How Running at Altitude Affects Conditioning

Altitude Conditioning - Woman running in mountains

Completing a marathon is an amazing feat. For many, it’s the challenge of a lifetime. And training for a marathon is difficult enough. Now imagine running those 26.2 miles at altitude. Each year, scores of athletes do just that, taking to some of the world’s highest, driest locales for the ultimate running challenge. There’s the Madeira Island Ultra Trail, a non-stop, grueling marathon that few have the wherewithal to actually complete. Then there’s the Tenzing-Hillary Everest Marathon, the highest marathon in the world.

It takes a seasoned, well-trained athlete to take on such immense physical feats—running at altitude can have a dramatic effect on the human body.


No matter where you run, there is one basic thing that makes it all possible: oxygen. In environments with normal atmospheric pressure—environments most people are accustomed to—adequate oxygen is delivered to the muscles powering forward motion. At altitude, however, atmospheric pressure is quite low. “Thin” air, as it’s commonly referred to, makes your blood less oxygenated, meaning your muscles have less oxygen to work with. As a result, performance decreases at a faster pace, fatigue sets in quicker, and the problem compounds itself as your body’s oxygen demand increases over the course of the run.

This all, of course, is not a new problem. And no matter where you are in the world, there are ways to train your body in preparation for high-altitude performance.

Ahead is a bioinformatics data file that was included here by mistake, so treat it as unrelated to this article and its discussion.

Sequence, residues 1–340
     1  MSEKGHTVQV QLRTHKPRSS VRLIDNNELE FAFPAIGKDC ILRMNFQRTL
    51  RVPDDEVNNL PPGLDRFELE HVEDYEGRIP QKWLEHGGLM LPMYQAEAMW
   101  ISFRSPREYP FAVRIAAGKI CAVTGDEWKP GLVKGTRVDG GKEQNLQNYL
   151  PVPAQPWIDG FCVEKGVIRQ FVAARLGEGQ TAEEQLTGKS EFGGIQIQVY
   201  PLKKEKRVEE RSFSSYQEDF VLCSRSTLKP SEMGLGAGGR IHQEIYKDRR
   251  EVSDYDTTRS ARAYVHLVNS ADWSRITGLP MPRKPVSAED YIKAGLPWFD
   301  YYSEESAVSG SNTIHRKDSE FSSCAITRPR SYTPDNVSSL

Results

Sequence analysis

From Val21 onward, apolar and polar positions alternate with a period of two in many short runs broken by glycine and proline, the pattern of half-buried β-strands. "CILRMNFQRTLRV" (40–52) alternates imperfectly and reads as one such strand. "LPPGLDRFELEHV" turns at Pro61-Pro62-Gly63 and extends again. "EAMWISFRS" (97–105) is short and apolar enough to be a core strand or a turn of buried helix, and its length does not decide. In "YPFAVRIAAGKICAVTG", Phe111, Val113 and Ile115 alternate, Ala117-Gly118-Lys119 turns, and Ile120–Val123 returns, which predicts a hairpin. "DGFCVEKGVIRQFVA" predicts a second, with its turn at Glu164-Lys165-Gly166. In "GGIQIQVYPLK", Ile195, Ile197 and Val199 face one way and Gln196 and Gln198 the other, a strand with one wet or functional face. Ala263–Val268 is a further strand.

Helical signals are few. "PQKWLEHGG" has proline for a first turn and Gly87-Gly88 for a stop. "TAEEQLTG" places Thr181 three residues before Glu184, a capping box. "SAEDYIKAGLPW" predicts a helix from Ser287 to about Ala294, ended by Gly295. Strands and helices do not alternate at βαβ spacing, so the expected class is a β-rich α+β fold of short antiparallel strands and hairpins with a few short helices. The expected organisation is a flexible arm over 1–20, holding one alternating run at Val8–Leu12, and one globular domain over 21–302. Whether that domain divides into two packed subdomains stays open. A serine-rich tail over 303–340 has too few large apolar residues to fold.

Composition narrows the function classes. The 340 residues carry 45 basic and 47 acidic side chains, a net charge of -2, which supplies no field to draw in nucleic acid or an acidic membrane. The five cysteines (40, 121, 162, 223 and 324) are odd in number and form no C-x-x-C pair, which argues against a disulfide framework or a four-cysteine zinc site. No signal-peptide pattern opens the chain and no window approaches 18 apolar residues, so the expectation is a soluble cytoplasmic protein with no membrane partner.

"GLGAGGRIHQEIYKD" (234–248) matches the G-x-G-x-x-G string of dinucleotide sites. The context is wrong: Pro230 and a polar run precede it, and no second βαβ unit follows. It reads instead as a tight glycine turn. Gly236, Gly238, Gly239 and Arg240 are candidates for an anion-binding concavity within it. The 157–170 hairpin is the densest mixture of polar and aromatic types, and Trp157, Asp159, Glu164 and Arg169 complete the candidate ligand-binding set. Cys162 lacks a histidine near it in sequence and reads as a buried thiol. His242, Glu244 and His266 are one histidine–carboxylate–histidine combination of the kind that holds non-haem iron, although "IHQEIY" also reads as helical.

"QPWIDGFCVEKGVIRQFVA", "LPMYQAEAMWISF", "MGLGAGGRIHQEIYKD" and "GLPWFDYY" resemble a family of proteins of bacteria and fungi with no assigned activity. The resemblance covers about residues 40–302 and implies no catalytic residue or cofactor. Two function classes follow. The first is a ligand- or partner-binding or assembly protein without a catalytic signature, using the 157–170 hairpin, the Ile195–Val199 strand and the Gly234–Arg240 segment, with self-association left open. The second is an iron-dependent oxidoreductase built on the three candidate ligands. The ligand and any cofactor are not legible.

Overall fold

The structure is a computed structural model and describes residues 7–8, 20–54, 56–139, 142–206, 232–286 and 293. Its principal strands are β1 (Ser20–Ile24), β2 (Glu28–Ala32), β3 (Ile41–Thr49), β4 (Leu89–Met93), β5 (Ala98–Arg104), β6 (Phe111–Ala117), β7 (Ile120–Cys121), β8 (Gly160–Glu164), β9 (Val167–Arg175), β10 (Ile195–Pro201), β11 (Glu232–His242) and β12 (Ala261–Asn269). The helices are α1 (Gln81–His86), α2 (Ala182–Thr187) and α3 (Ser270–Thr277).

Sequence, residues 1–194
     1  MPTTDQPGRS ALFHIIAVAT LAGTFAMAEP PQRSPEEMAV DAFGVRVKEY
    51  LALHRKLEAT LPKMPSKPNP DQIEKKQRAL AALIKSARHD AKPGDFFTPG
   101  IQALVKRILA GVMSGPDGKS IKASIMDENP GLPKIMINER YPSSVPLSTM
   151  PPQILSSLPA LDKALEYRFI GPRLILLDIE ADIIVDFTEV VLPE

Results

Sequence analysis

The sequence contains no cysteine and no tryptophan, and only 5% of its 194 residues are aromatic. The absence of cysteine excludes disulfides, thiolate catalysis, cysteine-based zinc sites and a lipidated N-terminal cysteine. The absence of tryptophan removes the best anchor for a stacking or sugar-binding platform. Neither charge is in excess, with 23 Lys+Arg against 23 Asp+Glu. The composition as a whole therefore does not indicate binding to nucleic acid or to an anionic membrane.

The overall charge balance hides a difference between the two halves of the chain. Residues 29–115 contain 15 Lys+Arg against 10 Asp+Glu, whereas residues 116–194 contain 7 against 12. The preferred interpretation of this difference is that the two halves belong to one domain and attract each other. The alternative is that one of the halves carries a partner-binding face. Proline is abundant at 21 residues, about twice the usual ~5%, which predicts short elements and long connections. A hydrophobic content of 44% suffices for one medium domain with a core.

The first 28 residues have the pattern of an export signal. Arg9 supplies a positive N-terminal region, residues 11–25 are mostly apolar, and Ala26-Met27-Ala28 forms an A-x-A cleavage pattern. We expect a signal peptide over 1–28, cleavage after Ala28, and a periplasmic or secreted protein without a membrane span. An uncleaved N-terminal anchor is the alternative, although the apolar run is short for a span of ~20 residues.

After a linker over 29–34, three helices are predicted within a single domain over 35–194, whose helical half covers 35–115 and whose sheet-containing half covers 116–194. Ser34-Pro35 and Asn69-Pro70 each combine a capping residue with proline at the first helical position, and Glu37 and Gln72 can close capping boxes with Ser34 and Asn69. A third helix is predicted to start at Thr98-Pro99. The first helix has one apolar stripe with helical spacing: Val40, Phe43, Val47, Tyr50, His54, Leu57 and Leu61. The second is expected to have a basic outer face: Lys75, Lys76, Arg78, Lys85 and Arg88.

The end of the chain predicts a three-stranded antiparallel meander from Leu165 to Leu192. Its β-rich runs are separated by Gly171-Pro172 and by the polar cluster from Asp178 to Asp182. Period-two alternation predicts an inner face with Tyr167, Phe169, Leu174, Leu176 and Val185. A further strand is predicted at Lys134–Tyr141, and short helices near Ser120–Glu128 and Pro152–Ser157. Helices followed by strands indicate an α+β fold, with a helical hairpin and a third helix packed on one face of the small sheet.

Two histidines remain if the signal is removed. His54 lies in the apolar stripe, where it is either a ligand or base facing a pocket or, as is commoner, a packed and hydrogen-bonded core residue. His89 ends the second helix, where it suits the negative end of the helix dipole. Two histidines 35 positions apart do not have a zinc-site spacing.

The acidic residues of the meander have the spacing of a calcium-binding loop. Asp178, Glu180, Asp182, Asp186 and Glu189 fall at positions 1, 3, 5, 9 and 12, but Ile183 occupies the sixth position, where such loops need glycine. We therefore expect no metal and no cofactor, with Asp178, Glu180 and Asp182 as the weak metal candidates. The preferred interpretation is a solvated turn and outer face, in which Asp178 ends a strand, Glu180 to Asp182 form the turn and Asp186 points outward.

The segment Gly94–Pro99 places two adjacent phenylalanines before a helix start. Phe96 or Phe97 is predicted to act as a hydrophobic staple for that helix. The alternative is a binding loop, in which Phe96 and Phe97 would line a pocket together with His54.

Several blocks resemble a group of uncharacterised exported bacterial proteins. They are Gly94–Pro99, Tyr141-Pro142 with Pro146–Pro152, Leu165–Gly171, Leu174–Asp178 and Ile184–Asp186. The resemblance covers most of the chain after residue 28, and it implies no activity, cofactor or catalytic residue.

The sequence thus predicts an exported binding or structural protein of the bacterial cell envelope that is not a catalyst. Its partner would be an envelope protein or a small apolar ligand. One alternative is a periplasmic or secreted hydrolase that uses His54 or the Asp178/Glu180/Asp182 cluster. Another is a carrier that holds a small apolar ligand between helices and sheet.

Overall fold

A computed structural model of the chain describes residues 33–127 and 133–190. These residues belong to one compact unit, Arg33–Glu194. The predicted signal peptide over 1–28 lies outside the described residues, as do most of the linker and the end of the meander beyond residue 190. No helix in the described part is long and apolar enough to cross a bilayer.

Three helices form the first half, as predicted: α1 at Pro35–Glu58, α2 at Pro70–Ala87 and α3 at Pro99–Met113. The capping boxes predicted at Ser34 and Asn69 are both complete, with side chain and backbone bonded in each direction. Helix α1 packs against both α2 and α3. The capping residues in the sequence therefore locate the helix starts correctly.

Given the strains that high-altitude running puts on the body, it can be dangerous for those of us accustomed to pounding pavement down here at sea level to keep pace way up there. Risks include:

  • Altitude sickness
  • Dehydration
  • Headache, nausea, and vomiting
  • Collapse
  • Pulmonary edema

There are a couple approaches to training for high-altitude performance down here at sea level. Well, two really good ones that we can recommend.

The first is to run for the hills. What greater challenge is there than walking or running uphill? In terms of your conditioning, sustained hill training can help you maximize the way your body utilize oxygen once you’re at altitude.

Try Overspeed Training

The second is to give overspeed training a go. During overspeed training, an athlete will train at a certain percentage above their maximum output. How’s that possible? Well, it requires the right tool to control variables and prevent injury. For this, many of the world’s top athletes turn to AlterG Anti-Gravity Treadmill™ technology for overspeed training, a tool that allows them to increase their overall speed and performance without risking serious injury.

There is a third option of course: do all your training at altitude! But this is an option not readily available to most runners. So we do what we can to train smart and put ourselves in the best position to tackle high-altitude runs safely. Hill training and overspeed training are great places to start.